Before we get too far into our hotdish series, I think we need to sit down and have a talk about what a hotdish is. Maybe you have never heard of it? That, however, would be shocking if you lived in the upper midwest. Perhaps you think it is the same thing as a casserole? Or maybe we just need to write it out so we are all on the same page. In our deep dive of the hotdish, I feel it is important to make sure that we know what we are talking about when it comes to hotdish. Today, we are going to define hotdish and distinguish it from casseroles.
Is Hotdish The Same Thing As a Casserole?
No. You will find, however, that this is not the view held by all. If you look up the word ‘hotdish’ in Webster’s Dictionary, it will point you to the word ‘casserole’.I know this Webster guy is really smart, but he has lots of words to watch over and I think he just has this one wrong. I watched a documentary on the subject of Minnesota Hotdish and they seem to indicate that it is just the name we call a casserole, as though they are synonyms to each other. I think they are wrong, as well.
All hotdishes are casseroles, but not all casseroles are hotdishes
Well, What Is A Casserole, Then?
Webster’s Dictionary defines casserole is defined as:
“a food cooked and served in a casserole”
So, according to the dictionary, a casserole is defined by the dish it is cooked in.. a casserole dish. I will go a bit further to say it is a one-pot meal that is cooked in the oven and can serve as any portion of service and can be made for any meal. It could be the main course, a side dish, or even as a dessert.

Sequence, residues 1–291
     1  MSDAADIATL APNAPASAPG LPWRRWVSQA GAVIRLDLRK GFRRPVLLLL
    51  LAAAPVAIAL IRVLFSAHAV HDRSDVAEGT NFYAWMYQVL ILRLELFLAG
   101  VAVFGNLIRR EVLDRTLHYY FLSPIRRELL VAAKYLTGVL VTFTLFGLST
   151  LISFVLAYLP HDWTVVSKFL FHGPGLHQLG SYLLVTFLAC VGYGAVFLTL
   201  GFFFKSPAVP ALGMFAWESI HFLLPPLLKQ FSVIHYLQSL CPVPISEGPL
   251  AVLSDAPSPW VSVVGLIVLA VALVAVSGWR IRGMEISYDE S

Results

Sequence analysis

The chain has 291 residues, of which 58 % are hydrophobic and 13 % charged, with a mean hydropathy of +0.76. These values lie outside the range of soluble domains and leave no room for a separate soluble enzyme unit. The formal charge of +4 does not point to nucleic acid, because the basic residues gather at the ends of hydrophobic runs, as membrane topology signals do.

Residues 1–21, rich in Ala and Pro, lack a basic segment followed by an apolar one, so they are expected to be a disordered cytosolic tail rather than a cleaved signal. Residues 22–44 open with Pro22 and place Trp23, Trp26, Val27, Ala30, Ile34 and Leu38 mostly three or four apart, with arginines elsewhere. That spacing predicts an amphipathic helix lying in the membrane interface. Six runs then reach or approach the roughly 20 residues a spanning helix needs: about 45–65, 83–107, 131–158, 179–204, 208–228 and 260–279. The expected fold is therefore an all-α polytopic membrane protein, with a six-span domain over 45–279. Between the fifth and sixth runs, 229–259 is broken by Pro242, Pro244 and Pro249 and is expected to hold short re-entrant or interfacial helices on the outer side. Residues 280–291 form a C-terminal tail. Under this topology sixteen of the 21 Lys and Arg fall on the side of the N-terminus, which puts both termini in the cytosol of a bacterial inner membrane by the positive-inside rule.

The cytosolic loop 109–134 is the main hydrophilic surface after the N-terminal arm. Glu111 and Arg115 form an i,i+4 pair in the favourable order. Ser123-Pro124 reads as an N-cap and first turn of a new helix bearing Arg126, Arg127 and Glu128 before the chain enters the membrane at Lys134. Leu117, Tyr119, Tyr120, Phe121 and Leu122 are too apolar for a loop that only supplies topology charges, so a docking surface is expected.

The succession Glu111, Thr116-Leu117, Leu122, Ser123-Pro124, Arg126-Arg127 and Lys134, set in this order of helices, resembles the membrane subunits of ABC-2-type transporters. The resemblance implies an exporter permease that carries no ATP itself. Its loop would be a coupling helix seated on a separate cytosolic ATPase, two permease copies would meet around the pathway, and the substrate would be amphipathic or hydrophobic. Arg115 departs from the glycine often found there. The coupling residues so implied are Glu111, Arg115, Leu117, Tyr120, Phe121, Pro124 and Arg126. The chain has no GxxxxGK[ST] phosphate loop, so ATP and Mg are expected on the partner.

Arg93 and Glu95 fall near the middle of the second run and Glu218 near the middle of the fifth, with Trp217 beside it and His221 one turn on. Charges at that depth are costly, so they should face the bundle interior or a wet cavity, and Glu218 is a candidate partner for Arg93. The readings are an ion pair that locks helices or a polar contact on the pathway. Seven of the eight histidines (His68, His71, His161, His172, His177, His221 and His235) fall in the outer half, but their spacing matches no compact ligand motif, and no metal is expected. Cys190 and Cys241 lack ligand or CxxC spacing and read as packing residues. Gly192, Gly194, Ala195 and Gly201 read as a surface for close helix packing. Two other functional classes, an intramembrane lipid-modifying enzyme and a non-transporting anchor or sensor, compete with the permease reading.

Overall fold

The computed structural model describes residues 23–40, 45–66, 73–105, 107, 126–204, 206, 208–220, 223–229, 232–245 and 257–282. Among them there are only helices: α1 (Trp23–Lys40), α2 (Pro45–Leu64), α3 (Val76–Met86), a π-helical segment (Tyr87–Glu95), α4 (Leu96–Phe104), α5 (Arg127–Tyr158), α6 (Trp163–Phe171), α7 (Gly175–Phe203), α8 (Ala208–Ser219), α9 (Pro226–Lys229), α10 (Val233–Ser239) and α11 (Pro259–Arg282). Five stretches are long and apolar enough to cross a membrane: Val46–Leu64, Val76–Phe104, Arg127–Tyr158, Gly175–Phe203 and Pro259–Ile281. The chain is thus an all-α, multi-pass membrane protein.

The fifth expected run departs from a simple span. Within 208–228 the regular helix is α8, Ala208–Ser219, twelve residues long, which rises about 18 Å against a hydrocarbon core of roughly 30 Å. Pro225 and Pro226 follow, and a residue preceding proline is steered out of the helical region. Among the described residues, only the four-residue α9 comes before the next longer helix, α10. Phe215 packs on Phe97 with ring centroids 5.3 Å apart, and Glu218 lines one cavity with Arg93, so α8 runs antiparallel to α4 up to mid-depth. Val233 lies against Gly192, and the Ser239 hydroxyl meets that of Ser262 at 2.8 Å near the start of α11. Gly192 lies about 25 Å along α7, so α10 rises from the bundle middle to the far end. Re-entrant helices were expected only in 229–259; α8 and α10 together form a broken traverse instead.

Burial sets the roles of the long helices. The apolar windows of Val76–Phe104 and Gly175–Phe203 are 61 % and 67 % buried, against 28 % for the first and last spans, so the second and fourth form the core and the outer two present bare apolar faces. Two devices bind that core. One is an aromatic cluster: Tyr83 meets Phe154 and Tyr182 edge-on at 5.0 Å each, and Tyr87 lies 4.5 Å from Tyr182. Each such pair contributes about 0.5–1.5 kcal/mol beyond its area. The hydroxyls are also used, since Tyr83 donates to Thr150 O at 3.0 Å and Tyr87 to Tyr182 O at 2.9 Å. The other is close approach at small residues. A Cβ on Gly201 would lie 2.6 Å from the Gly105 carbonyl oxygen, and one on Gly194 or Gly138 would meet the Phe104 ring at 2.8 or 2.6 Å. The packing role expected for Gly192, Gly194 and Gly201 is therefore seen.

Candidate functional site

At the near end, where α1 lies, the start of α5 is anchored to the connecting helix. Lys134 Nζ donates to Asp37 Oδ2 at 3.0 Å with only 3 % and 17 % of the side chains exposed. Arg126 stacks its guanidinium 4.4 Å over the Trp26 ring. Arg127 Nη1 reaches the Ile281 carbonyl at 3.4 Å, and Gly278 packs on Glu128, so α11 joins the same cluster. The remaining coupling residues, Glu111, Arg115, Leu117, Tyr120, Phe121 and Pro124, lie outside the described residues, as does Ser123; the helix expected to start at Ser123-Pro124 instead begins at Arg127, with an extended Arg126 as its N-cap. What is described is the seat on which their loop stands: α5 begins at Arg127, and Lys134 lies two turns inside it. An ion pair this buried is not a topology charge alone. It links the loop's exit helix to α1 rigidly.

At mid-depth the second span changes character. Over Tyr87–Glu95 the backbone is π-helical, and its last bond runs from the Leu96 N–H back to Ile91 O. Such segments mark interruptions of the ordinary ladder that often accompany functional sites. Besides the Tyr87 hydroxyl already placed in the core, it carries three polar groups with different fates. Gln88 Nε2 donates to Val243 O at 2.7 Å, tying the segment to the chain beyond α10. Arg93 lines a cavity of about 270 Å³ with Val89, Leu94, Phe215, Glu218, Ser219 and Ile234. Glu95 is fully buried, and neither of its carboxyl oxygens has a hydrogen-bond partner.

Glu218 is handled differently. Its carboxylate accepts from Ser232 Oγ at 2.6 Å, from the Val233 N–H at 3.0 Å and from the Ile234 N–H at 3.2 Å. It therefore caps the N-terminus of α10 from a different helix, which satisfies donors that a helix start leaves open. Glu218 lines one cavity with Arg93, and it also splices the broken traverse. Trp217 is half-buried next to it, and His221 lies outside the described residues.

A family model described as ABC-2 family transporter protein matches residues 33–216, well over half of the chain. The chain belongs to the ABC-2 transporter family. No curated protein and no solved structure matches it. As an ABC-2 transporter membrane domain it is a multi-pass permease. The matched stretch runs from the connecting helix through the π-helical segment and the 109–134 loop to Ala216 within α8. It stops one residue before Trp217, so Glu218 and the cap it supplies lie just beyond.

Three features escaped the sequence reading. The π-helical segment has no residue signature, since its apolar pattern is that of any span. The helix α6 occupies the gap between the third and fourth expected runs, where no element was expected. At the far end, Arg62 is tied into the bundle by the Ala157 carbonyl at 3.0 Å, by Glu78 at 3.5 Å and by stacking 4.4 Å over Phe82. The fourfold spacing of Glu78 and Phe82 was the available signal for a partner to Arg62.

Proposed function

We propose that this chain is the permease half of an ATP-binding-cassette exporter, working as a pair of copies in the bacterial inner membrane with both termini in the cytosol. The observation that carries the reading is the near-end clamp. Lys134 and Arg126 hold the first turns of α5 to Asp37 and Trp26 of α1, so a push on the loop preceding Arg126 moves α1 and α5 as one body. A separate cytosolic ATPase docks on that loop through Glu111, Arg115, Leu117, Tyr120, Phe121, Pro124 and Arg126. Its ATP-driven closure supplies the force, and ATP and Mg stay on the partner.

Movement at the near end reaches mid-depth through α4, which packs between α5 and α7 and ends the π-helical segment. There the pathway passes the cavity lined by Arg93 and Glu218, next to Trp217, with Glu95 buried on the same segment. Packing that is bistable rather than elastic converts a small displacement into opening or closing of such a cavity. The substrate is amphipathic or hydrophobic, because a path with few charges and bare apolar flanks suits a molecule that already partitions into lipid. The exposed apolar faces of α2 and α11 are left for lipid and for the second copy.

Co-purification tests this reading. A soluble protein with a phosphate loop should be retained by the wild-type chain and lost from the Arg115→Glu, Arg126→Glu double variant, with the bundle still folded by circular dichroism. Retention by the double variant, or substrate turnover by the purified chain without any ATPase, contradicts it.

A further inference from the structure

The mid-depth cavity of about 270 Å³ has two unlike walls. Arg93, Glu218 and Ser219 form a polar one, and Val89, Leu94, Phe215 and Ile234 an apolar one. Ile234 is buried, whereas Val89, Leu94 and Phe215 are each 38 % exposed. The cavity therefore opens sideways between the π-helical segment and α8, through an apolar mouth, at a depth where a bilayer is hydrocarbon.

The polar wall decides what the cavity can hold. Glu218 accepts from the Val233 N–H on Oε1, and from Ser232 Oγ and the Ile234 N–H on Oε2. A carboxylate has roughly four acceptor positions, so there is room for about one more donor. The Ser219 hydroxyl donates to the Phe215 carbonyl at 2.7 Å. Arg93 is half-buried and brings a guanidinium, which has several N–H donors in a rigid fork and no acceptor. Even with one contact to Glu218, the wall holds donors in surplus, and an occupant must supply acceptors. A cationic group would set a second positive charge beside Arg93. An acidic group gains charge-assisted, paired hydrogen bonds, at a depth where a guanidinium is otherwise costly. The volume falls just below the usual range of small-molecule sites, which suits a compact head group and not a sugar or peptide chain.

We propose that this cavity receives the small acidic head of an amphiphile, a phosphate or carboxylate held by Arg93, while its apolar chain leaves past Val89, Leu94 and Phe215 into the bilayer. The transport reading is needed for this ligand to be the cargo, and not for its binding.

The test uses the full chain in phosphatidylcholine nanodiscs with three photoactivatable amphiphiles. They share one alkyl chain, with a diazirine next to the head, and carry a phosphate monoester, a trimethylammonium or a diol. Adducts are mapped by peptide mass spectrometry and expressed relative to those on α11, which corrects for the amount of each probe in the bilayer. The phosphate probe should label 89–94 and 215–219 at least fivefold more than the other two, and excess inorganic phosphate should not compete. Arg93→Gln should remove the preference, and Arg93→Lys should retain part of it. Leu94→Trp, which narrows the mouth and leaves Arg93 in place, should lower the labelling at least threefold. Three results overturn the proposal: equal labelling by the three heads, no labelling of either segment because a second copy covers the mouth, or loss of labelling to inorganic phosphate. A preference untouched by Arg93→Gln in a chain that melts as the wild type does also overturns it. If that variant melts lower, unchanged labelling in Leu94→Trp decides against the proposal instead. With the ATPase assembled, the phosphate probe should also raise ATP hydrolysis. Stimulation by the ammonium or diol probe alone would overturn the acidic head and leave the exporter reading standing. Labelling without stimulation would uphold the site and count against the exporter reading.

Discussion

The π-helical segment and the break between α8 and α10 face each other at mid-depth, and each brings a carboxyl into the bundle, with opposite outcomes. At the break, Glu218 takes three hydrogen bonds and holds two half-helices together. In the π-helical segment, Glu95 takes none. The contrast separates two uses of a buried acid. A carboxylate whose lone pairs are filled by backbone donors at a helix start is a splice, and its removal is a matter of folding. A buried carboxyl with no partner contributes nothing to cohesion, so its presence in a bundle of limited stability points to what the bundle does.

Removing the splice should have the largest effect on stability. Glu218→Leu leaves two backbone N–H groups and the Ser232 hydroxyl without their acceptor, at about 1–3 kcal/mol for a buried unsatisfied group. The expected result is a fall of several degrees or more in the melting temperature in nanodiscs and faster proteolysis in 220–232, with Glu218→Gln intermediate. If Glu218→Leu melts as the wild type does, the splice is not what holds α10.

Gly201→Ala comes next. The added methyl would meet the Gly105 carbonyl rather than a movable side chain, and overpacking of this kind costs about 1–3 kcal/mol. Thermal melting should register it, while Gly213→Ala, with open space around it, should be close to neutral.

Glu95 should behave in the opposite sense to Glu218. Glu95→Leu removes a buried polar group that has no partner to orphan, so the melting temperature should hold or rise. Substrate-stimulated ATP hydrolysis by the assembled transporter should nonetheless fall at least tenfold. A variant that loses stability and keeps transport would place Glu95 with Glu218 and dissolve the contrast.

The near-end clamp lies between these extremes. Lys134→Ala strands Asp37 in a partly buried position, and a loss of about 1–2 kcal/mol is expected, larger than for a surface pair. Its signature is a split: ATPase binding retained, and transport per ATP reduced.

I can find several sources that point to macaroni & cheese, lasagna, shepherd's pie, and cassoulet (A fancy French Dish) as a casserole. The typical Minnesotan or North Dakotan might be libel to call you crazy if you called any one of these items a hotdish. They are NOT hotdishes, but they are casseroles. While a hotdish falls into the casserole family, it is definitely a different beast, but what is that difference?
Ingredients and purpose.
What Is Hotdish?
A hotdish is a kind of casserole with a specific set of ingredients and meant to be served as a main dish for either lunch or supper.
I think it can be fairly easy to recognize a hotdish when you see one. It has a set of ingredients that limit it and separates it from other casseroles. The ingredients of a hotdish:
- Cream of something soup OR, less commonly, you may see a tomato base
- Some kind of protein, with hamburger being the most common.
- Vegetables, but they should be sized to fit into a single bite
- A starch, generally pasta or potato. Also, sized to fit into a single bite
- A crispy topping. Tots, chips, or even chow mein noodles.
- Optionally, cheese
I debated whether, or not, to include tomato-based hotdishes into my definition, as I feel that the creamed soup is more recognizable as a hotdish. When speaking to my friends (mostly professional Midwesterners), some would identify a tomato recipe as being their favorite hotdish from growing up. Additionally, my second best lady, Betty Crocker has a basic hotdish recipe that calls for a tomato base. A tomato base just has to be part of the definition.